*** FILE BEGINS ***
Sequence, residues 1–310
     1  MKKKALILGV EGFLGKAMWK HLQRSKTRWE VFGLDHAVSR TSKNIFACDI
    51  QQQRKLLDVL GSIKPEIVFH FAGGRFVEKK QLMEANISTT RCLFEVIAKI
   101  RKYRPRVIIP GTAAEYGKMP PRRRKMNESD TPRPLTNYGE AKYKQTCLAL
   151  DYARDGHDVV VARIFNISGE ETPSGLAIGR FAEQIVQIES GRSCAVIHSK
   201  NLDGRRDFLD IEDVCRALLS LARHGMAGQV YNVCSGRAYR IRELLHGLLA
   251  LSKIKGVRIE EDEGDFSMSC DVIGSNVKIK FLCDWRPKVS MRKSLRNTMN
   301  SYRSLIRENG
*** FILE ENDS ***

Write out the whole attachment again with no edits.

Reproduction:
Sequence, residues 1–310
     1  MKKKALILGV EGFLGKAMWK HLQRSKTRWE VFGLDHAVSR TSKNIFACDI
    51  QQQRKLLDVL GSIKPEIVFH FAGGRFVEKK QLMEANISTT RCLFEVIAKI
   101  RKYRPRVIIP GTAAEYGKMP PRRRKMNESD TPRPLTNYGE AKYKQTCLAL
   151  DYARDGHDVV VARIFNISGE ETPSGLAIGR FAEQIVQIES GRSCAVIHSK
   201  NLDGRRDFLD IEDVCRALLS LARHGMAGQV YNVCSGRAYR IRELLHGLLA
   251  LSKIKGVRIE EDEGDFSMSC DVIGSNVKIK FLCDWRPKVS MRKSLRNTMN
   301  SYRSLIRENG